Listening to “The Thing That Cries in the Night”; (Chapter Thirteen): Terror Is an Intangible Presence

Well, it is a mild, sunny afternoon here in the asphalt jungle (even though the trees on the block I used to call my neighborhood suggest another kind of jungle altogether). I’ll be off on a shopping spree in a moment, hunting for movies, books, and a few clothing essentials I just can’t seem to get in the UK. I will report on my tour of local second-hand book shops and video stores before long; but before I venture out, I must first pay another visit to a certain LA mansion that has been in my mind’s eye these past two and a half weeks.

I mean, of course, the dark house featured in Carlton E. Morse’s I Love a Mystery serial “The Thing That Cries in the Night.” In the thirteenth installment, heard on this day, 16 November, in 1949, Morse’s mystery exposes listeners to what is as rare on the streets of Manhattan as it is in radio drama: the disconcerting din of silence.

In the previous chapter, private investigator Jack Packard claimed to have untangled the mysteries of the Martin mansion, but refuses to share his thoughts with anyone, including his two partners. Doc Long and Reggie York. Staying put, despite Grandmother Martin’s attempt to dismiss her inquisitive retainers, Jack provides his bewildered friends with a list of cryptic instructions (such as peeling off the three top layers of the wallpaper in the bedroom of Charity Martin), to be carried out in the case of his demise.

Having sent all to their rooms, Jack remains behind in the sepulchral stillness of the deserted library to confront the “Thing.” Knowing less than our guide—who, for the first time, is keeping a secret from the audience—we cannot but cling to his every words as we try to determine whether Jack is facing a deathly adversary or dead air, whether the verbal sparring in the library, the repository of words, spells reasonable maneuvering or hapless fumbling.  Is the “Thing”?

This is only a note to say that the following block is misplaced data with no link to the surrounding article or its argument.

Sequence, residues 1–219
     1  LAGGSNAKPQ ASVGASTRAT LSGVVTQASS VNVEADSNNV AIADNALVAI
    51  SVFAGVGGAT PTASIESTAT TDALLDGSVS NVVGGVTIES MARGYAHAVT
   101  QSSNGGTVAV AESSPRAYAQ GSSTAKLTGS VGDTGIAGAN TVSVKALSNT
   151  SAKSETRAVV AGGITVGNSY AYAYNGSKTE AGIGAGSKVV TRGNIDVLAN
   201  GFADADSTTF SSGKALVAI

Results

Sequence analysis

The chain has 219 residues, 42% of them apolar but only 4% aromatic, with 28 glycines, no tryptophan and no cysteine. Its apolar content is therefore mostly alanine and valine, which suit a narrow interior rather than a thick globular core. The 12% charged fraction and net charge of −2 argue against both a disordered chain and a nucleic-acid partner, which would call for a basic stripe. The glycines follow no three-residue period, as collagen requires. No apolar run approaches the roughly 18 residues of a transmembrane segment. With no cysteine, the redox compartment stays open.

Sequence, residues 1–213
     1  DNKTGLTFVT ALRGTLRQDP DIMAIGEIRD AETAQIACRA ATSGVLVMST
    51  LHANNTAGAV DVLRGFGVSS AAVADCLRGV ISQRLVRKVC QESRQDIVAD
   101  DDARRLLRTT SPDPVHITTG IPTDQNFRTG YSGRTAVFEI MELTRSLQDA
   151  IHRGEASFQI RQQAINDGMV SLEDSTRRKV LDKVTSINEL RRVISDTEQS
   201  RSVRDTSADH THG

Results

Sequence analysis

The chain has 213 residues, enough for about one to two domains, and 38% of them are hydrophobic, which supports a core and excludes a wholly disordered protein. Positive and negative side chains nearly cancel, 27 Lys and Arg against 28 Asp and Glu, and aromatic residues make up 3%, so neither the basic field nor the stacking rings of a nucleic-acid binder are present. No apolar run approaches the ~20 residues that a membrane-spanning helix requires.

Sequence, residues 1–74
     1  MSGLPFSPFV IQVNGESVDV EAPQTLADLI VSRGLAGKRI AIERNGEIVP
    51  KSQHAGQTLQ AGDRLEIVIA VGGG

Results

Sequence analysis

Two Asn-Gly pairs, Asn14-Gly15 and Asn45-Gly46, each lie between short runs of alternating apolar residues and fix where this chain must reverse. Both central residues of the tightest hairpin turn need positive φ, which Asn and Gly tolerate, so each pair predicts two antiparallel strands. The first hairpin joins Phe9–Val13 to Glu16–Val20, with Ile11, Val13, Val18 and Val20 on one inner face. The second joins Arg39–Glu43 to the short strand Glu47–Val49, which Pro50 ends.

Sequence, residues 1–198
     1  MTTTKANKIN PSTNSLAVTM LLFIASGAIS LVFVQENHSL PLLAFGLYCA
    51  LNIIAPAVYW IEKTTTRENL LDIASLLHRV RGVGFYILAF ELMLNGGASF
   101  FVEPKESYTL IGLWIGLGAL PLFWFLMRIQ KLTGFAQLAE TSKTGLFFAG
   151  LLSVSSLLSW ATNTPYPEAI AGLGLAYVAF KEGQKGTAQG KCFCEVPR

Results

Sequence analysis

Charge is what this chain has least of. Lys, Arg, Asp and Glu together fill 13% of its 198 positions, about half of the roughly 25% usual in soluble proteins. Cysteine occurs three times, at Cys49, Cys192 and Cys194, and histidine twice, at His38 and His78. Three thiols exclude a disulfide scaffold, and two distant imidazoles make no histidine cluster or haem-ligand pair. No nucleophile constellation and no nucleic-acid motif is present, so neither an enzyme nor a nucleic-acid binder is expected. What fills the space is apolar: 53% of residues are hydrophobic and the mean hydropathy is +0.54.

Delivering his speech, Jack is interrupted by Doc, who staggers into the room, stammers that he has been hit over the head, and then collapses. The “Thing” makes itself heard once again, and Jack cries out for Reggie.  Things are getting frantic again; but it is that confrontation with nothingness in the library that, to me, is the most disturbing moment in “The Thing That Cries in the Night.”

And now, from the Martin library to Manhattan’s bookstores.  Perhaps I’ll find a used copy of Martin Grams’s I Love a Mystery companion.

2 Replies to “Listening to “The Thing That Cries in the Night”; (Chapter Thirteen): Terror Is an Intangible Presence”

  1. I remember the scene you desribe vividly and you accurately described what I felt listening to it. I also think you would be hard put to find other moments where silence has been used in such startling ways. There is of course the dramatic pause, and the pause for comedic effect, but the above scene was unique in what it achieved. Perhaps you would find similar moments in the Quiet Please series. Perhaps in the \”The Thing on the Fourble Board.\”


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